Women in Sakura Kan Jiu Jitsu
Written by Joy Thompson
I alone can only assume most women commence their martial arts training as an alternative to a self defence class. What better way than to learn to take care of oneself than to learn a few tricks and take advantage of joining a martial arts class over a self defence class as your opponents are more likely to be male, who are generally bigger, stronger and in all honesty more likely to make you work to ensure your techniques will work and training with men is more realistic for if you ever need to use your skills for real.
I first started my training in Sakura Kan Jiu Jitsu while still at high school, and my mother thought her daughter doing self defence was a wise and safe move, so encouraged me to attend classes. I often wonder how different her opinion might have been if she realised it was in fact a martial arts club, where I was indeed learning to take care of myself, and in fact learning to kick the proverbial butt. (Excuse the language) By the time my mother was aware of this, I was hooked, so she knew better than to try and stop her headstrong daughter from doing something she enjoyed so much.
I never intended to become the first female Yudansha (Black Belt) in Sakura Kan Jiu Jitsu, or go on and teach the art I enjoyed so much. My initial goal was to simply reach the grade of yellow belt. My reasons for this was that I felt it would take a good years training to give me the skills to be able to defend myself in any given attack. How wrong I was. My long term goal, if I lasted the distance was to perhaps, if only, was to reach the pinnacle of blue belt. My reasons for this was that I felt anything beyond Blue was impossible for a woman to achieve as when I first started training the highest graded female was a lady named Sharon Harrow, who was an orange belt, and I was sure she had the ability to become a blue belt, but anything beyond blue seemed untouchable. Sharon was a bit of a role model for me, she was attractive, slim, and feminine and could hold her own against men twice her size. I looked up to Sharon with admiration and respect, she was awesome. I believe we all need role models, someone to aspire to, and it embarrasses me to think perhaps some of the young women we currently have training might see me as their “Sharon”, and it also encourages me to continually try my best and present myself as best as I can, not only as a person, but as a martial artist. I have now been training since 1988.
Barriers to Women training in Sakura Kan Jiu Jitsu:
Smaller frames – Due to the physical make of females generally we are smaller, shorter and weigh less. This can be an obstacle during ground fighting where we are easier immobilised by our opponents, especially when fighting a much heavier person. Also when doing free throws we can often be moved a lot easier by poor technique.
Less physical strength – This can be a barrier in the earlier years when the technical ability is not yet mastered and therefore one tends to resort to strength to enable themselves to escape from holds, or help assist them in their techniques and with less strength than our opponent it can often be an obstacle to our training and can be frustrating as well when we constantly get beaten by people who are simply stronger, not necessarily better than ourselves.
More emotional – Women tend to be more emotional people and when we get hit in the face during sparring it is more difficult to control our emotions, which then creates frustration and a distraction because we start worrying about being emotional and not concentrating on the job at hand.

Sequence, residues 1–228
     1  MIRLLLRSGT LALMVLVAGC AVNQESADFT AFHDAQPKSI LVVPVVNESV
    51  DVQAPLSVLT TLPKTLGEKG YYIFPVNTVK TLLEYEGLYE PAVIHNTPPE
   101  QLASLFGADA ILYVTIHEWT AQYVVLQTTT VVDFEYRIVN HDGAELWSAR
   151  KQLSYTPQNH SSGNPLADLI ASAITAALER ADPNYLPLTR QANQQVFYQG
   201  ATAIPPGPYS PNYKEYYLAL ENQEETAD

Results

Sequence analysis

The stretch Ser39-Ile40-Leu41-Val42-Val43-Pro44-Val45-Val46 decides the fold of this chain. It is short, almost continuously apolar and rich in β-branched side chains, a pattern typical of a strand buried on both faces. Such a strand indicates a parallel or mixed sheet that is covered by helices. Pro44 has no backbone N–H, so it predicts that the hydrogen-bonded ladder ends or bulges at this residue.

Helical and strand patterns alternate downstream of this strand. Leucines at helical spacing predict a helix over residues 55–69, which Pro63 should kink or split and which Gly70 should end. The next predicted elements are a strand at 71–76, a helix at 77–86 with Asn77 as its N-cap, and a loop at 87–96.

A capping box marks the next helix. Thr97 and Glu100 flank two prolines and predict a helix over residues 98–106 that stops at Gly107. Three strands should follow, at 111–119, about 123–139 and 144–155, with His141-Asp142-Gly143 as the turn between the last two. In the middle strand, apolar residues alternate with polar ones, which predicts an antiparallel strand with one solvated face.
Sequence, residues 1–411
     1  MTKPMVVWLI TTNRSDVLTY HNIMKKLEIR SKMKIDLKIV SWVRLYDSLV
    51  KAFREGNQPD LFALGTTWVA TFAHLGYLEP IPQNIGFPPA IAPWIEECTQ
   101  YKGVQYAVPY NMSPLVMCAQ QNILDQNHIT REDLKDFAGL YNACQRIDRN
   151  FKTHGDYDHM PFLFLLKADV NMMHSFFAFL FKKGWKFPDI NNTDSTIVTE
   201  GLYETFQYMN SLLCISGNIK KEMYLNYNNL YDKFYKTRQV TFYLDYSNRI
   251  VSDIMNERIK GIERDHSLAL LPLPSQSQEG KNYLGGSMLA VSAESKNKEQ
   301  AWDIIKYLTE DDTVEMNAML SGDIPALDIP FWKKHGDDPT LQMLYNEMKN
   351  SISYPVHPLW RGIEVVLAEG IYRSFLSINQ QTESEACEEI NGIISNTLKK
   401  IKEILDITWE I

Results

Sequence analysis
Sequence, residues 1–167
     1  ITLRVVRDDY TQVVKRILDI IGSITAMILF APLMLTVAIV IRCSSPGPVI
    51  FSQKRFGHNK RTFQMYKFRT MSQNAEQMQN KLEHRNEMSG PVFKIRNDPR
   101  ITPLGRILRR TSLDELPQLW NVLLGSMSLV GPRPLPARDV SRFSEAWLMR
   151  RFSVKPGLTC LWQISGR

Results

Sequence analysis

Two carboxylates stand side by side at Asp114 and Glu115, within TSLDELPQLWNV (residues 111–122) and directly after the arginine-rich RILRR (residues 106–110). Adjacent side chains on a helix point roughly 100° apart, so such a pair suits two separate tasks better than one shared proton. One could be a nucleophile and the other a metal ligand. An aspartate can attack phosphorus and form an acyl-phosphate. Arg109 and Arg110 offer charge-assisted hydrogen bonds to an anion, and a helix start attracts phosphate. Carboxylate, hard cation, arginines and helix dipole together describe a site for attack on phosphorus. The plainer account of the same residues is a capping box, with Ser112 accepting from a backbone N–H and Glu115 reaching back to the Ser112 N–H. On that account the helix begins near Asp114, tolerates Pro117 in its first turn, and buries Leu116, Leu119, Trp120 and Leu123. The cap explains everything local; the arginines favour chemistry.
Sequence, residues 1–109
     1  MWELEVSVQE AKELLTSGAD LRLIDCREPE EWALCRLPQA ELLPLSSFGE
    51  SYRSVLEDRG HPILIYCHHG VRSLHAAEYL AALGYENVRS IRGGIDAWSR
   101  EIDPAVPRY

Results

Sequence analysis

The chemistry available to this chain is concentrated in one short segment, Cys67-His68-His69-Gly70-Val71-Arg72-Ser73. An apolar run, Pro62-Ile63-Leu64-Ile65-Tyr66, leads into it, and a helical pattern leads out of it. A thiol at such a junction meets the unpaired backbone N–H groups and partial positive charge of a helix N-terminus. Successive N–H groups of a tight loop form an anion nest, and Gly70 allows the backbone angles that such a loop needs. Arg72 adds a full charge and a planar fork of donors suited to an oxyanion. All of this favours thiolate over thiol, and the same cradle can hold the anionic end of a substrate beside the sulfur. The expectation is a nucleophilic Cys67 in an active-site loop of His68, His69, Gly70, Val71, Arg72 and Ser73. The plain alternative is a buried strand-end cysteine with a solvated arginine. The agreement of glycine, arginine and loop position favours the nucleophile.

Long Hair- Due to the fact many women like to wear their hair long, during training often hair ties come out, and then we get hair in our eyes, mouths, etc and this can be very annoying at times.
Menstrual cycle – Every woman’s curse, and training in such a close proximity with others can make one feel uncomfortable during such times. Also the fact that our uniforms are white there is always the underlying and extremely embarrassing concern of leakage.
Advantages women have over men in Sakura Kan Jiu Jitsu:
Better flexibility – Women tend to be more flexible which is an advantage in being able to escape from holds as often unless a technique is on really well, we can rely on our flexibility to aid our escaping techniques.
Smaller frames – Having a smaller frame is as much an advantage as it is a barrier to our training. Often by being slighter than our opponent it means our techniques need to be that much better, and we can be more nimble and agile.
Less physical strength – As above, less strength is as much an advantage as it is a disadvantage. By having limited strength we tend to have better technique as we cannot resort to our strength to pull a technique off.
Feminine – By being females and with the old adage “Boys shouldn’t hit girls” we are often able to surprise and shock our opponents as they don’t see us as fighters, and will often be submissive in their approach when fighting a female, so we can use this to our advantage and can often take a male by surprise.
Assumptions sometimes made about Women in Martial Arts
Only butch women do martial arts: this myth can easily be dispelled when you take a look around the dojo, none of the women currently training in Sakura Kan Jiu Jitsu could ever be considered as” butch.”
Women who do martial arts have been previous victims: the reason a person begins training can vary from person to person, gender to gender, and I’m sure many a male has commenced their training as a result of losing a battle of some description.